For example, when I was 12, my parents took me to a carnival. There was a midway game that was giving away Halloween masks as prizes, one of which was of my favorite monster--the Creature from the Black Lagoon. My father tried and tried to knock down those bottles with the baseballs they supplied, but he just couldn't do it. Finally after a while, and over the reiterating persuasion from my mother to concede defeat, he finally gave up. Later, as the carnival was closing, he rejoined my mom and I as we were walking out to the parking lot. My dad put his arm around me to console me, saying "I’m sorry son. I tried my best. There’ll be other carnivals." Then he gave me a reassuring pat on the head and began walking ahead of me. There, stuffed through the belt on the back of his jeans and staring back at me, was the one and only Creature from the Black Lagoon. “Hey!” I yelled as my dad did his best to play dumb, turning around and saying something to the effect of “What? Is there a bug on me?” After a huge embrace, my dad humbly admitted to having covertly slipped the game operator a ten dollar bill.
...It was one of those perfect moments.
My father knew how much I loved Halloween as a child. And even though personally, he didn’t celebrate it much, he would embrace the holiday just to make me happy. Like the time he put on a dark trench coat and my plastic King Kong mask, and stalked me and my friends as we went trick or treating, walking with his hands folded calmly together in front of him, peeking out from behind bushes.
Even the everyday picnic was an adventure with my father. I’ll never forget the time he drove my mother and I out into rural Ohio to find a nice shady place to have a picnic. We ended up finding the most quaint, picturesque spot you could imagine, with rows of trees, acres of grass, and a large old school building in the distance.
We spread out a tablecloth, got out our dishes, food, and soda, and were reclining in the soft afternoon breeze when we noticed other people slowly making their way into the area. Several people, actually; all women, and all staring at us as if our heads were huge flaming Jack O’ Lanterns. One of the women appeared to be brazenly flirting with my father from a distance, waving her hand and smiling, then recoiling in coy, almost theatrical, bashfulness. It was near this time that my mother spotted the sign sticking out of the ground that we’d all somehow managed to miss on our way in. Realizing we’d haphazardly trespassed on the grounds of the Cleveland Development Center--formerly known as the Cleveland Asylum for the Insane--we quickly shoved the dishes, napkins, and food back into the cooler, piled back into the van and drove off. I can vaguely remember my father putting the van in drive, and laughing at our foolhardiness through the huge wad of sandwich still in his cheek.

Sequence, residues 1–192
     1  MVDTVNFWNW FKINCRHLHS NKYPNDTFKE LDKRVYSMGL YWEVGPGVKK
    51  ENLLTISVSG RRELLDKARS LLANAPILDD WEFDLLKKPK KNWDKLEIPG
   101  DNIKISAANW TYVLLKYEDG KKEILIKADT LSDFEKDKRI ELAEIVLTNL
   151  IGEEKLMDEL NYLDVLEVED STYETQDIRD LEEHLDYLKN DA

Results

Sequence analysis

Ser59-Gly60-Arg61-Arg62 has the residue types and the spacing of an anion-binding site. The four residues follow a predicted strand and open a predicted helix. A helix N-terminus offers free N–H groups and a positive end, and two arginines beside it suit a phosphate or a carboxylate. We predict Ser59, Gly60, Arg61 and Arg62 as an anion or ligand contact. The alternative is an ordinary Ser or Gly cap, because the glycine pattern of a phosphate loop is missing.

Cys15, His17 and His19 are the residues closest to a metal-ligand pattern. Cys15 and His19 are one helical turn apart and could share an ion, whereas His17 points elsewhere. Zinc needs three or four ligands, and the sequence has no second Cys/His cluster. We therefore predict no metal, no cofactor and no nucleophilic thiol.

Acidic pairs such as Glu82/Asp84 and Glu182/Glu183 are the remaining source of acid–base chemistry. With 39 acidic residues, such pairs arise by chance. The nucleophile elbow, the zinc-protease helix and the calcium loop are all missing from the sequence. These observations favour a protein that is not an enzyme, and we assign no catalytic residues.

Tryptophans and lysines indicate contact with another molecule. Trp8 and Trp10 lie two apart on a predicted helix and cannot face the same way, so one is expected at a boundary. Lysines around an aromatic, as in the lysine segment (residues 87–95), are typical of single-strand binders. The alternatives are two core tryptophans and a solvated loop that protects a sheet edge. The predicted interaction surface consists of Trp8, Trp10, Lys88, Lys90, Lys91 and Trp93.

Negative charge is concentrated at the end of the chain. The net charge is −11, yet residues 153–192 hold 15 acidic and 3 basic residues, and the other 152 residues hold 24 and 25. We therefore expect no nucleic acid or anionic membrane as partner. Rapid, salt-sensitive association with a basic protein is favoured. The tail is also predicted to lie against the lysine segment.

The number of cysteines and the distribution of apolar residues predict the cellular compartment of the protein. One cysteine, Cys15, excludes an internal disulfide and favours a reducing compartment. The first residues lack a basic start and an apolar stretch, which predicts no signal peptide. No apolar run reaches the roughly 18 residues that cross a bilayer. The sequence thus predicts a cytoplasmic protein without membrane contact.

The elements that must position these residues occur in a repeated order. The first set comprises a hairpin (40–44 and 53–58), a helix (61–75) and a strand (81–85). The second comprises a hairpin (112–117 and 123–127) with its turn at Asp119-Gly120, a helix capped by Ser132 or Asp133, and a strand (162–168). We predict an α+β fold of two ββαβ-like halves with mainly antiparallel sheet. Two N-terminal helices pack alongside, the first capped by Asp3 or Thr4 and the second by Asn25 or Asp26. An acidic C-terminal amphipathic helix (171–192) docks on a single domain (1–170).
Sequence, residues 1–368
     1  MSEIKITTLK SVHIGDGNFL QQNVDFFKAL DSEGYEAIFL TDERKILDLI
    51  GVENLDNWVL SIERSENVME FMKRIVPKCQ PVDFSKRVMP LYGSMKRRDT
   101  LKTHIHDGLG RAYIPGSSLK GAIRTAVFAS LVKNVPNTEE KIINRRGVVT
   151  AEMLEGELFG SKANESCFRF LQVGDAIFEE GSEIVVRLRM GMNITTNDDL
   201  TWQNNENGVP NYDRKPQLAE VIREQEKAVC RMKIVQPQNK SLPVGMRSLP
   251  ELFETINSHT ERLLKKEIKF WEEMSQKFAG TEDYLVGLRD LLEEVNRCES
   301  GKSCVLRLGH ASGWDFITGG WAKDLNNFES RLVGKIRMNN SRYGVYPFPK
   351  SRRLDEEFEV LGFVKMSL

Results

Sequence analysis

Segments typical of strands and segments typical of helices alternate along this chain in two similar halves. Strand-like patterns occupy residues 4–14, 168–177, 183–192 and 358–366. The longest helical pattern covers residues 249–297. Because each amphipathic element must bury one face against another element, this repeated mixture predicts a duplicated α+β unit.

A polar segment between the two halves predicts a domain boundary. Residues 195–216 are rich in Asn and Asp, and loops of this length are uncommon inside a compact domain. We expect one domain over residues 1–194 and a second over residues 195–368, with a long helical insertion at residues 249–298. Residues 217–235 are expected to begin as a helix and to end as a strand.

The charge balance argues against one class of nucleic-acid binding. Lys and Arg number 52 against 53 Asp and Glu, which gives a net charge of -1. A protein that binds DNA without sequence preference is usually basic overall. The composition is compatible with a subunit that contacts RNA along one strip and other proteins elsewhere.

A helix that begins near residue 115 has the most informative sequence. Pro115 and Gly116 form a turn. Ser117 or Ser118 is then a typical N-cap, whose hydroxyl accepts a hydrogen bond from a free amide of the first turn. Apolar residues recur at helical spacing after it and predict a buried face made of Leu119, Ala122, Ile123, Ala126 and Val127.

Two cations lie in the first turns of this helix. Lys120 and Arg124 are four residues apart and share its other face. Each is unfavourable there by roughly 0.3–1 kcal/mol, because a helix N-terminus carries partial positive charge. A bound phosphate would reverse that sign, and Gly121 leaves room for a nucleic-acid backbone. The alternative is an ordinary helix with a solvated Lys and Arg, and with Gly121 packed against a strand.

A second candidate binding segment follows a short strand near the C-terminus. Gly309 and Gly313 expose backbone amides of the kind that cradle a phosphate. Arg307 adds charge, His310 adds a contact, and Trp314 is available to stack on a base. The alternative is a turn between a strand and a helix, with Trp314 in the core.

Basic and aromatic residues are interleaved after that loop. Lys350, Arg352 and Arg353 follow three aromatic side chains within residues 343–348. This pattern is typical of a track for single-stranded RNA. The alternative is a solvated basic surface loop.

Then there was the time he came to pick me up at the local video arcade, and ended up sharking all of the best, cockiest, young billiard players there out of their money. I remember the astonished looks on my friends’ faces as he walked out past them counting a huge roll of greenbacks, and leaving a trail of squashed egos behind him.
These are just some of the wonderful and precious memories my father has given me, and I always smile when I catch myself emulating him and feel his lessons manifesting in the experiences of my own life. And having been blessed with someone who was there for me every single time I called upon him, always offering the most unconditional love possible...I feel I have to re-dedicate my father’s favorite Joe Cocker song back to him, because the lyrics never rang truer:
You're everything I hoped for. You're everything I need.
At the end of The Old Man and the Sea, Santiago, battered and beaten, finally pulls the skeletal remains if the marlin into the harbor, stumbles to his tiny shack and collapses. Manolin weeps when he sees the old man’s ravaged body lying on his bed, and the other fisherman, seeing the remains of the great marlin, cheer the old man’s overdue redemption from the beach, yelling:
"Santiago! This is a truly GREAT fish! This is a CHAMPION fish!
Your bad luck is OVER, old man! You’re not unlucky anymore, Santiago!”
We’re never told what happened to young Manolin. But I’m sure that if he grew and lived to be a hundred, the best catch of his life, will always be Santiago himself: the old man with nothing but bones to bequeath, yet so much more to pass down.
And if I know my father, after he crosses over, falls to his knees and kisses the hand of his savior, and has all of the answers to life’s age-old mysteries at his fingertips, one of his first questions will be…
“Where do you keep the lions?”
So rest now, old man.
Rest, my beloved father, and dream of the lions on the beach, until the day I sail my own skiff onto the shore, and together we run with the lions under bright blue skies,
over warm white sands,
and into cool crystal waters.
Keen Azariah (author) from Phoenix, Arizona on June 17, 2019:
Thanks for your words. I was/am dealing with a lot of guilt for leaving the nest to live 2,000 miles away where the fish/work was more plentiful, and never made it back in time. But we were blessed with time to talk, and that helps immensely.
Lorna Lamon on June 17, 2019:
I have read "The Old Man and the Sea" and through your article I can see the similarities. It is a touching tribute and I found it extremely moving. Thank you for sharing.